Ross Clark

Jacob Rees-Mogg’s attack on fixed penalty notices is too little, too late

Jacob Rees-Mogg’s attack on fixed penalty notices is too little, too late
Jacob Rees-Mogg (photo: Getty)
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What an heroic stand for freedom and justice Jacob Rees-Mogg has just made by criticising the system of Fixed Penalty Notices (FPNs). According to the Brexit Opportunities minister, the reason this form of summary justice “goes against British tradition” is that an FPN “assumes you are guilty until proven innocent because you have to go to court to get it set aside”.

It is not that I disagree with him – it’s just that I would have been rather more impressed had he made this point before police began to shower the Prime Minister and Downing Street staff with FPNs. The problems with FPNs and their civil cousins Penalty Charge Notices (PCNs) have been very clear for many years. They have unleashed a culture in which police, councils and other authorities of the state have been able to extract large sums of money from the public for very minor infringements of laws and bylaws – without any proper right to appeal.

We have councils raking in millions in fines from motorists who stop for a few seconds in a bus lane or box junction – in one case last week a woman was fined for pulling into an empty bus lane briefly to allow an ambulance to pass. We have councils sending bands of privateers onto the street incentivised to issue as many litter fines as possible – which they do by scooping up large numbers of people who drop cigarette ends, cherry stones and in one case a man who dropped a £10 note.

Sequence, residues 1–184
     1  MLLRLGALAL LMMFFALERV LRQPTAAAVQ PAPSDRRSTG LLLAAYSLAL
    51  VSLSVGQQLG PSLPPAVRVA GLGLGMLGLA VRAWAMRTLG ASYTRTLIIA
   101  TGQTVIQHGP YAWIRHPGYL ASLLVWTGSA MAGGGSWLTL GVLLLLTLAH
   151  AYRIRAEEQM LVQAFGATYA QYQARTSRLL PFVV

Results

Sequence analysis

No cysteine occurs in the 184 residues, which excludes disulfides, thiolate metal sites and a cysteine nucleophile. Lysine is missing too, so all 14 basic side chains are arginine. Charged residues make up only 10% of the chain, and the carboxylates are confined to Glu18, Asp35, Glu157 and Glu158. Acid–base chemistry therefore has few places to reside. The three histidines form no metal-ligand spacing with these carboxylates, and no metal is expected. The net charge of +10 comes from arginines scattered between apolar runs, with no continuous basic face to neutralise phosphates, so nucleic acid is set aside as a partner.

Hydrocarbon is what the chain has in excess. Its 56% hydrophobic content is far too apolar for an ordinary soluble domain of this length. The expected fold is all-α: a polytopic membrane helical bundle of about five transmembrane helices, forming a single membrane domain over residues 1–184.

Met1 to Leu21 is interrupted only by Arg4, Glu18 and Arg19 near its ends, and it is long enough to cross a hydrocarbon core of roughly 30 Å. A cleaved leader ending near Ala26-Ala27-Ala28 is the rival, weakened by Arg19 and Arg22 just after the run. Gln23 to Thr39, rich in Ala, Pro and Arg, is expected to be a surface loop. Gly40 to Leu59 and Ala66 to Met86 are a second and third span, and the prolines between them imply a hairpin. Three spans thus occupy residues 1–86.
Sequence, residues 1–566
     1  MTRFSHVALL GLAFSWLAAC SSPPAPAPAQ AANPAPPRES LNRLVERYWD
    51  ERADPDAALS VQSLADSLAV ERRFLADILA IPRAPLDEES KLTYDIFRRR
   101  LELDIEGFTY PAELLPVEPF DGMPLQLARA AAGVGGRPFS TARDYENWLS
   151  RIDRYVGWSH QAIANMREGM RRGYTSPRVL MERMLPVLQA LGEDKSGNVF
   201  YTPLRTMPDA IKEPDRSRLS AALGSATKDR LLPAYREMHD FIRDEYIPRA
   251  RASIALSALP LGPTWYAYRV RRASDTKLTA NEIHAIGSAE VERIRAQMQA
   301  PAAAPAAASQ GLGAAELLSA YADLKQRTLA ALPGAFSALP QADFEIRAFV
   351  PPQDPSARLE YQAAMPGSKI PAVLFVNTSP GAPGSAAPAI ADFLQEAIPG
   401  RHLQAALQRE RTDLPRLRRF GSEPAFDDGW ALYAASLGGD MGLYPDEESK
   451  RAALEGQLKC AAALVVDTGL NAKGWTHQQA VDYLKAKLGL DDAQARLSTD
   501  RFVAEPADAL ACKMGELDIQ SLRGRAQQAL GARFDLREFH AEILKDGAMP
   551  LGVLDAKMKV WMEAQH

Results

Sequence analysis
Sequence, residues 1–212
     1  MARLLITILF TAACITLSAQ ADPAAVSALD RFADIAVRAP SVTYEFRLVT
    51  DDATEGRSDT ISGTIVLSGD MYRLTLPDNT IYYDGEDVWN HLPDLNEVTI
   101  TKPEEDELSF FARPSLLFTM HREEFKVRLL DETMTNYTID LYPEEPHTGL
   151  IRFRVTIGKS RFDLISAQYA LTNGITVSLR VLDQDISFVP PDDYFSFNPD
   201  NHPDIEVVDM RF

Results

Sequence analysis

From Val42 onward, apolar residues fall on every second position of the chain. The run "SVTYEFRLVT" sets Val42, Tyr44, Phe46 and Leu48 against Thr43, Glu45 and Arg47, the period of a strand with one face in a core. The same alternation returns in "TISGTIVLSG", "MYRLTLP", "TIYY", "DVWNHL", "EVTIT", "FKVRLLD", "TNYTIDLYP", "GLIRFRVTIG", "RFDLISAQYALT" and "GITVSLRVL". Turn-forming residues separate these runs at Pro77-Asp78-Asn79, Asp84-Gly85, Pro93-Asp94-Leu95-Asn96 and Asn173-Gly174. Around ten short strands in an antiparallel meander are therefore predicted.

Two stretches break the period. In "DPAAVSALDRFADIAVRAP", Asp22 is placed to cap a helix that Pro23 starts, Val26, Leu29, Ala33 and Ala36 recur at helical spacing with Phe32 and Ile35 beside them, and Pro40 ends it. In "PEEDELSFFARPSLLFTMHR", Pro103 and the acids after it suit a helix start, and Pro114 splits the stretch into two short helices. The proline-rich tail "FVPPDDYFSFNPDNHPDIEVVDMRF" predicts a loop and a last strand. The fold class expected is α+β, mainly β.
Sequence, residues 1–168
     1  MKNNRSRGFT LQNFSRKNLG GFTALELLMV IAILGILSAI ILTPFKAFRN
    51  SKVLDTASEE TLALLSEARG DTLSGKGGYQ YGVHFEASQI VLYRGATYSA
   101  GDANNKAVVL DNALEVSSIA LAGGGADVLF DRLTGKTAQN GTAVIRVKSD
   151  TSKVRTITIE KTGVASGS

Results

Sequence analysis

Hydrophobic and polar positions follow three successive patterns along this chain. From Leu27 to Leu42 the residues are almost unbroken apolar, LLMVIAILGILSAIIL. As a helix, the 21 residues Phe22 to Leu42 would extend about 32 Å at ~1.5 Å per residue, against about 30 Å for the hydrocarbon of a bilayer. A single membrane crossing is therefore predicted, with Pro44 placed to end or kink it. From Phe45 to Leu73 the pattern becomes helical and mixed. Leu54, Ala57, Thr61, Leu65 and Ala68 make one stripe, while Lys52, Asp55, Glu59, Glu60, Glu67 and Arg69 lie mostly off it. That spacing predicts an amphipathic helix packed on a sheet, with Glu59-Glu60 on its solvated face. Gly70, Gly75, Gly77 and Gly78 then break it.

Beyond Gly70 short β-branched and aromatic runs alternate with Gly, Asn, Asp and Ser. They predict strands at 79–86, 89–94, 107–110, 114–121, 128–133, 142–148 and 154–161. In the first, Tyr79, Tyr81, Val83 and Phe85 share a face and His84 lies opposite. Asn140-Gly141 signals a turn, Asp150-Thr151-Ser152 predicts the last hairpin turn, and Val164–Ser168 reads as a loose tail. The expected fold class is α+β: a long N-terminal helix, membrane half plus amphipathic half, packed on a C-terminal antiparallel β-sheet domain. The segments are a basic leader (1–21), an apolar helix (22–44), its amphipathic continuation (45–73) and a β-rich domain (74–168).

Police and councils get away with these fines because most people of limited means come to the conclusion that it is not worth the financial risk of challenging them in court. These kinds of fines fall mostly on the poor, and often on women with young children – people who tend to be around in provincial town centres in the middle of the day, where the privateers find it most profitable to operate. Pirate firms have made fortunes from their contracts with councils, who allow them to keep a proportion of each fine issued.

Yet the government never saw any problem with this. On the contrary it has aided and abetted the practice. In 2018, it upped the maximum litter fines from £80 to £150 – a substantial sum for the mostly poor recipients of the fines. Just last year, the government extended the powers to issue traffic fines to local authorities outside London, where previously such matters had been the exclusive preserve of the police. Instead of addressing fears that it would lead to councils embarking on a similar bonanza as evident among many London councils, transport minister Baroness Vere insisted that the new powers boosted the “ethos of localism”. The government granted, and encouraged, the police powers to dish out fines for minor breaches of covid law.

But now that the culture of mass fines for petty infringements of the law has arrived in Downing Street, suddenly it is a different matter. Government ministers can suddenly see the disproportionate nature of it all. Better late than never, I guess. But his belated realisation does rather make Jacob Rees-Mogg look less a man of high principle than an aloof figure out to defend his own kind.

Written byRoss Clark

Ross Clark is a leader writer and columnist who, besides three decades with The Spectator, writes for the Daily Telegraph and several other newspapers

Topics in this articlePolitics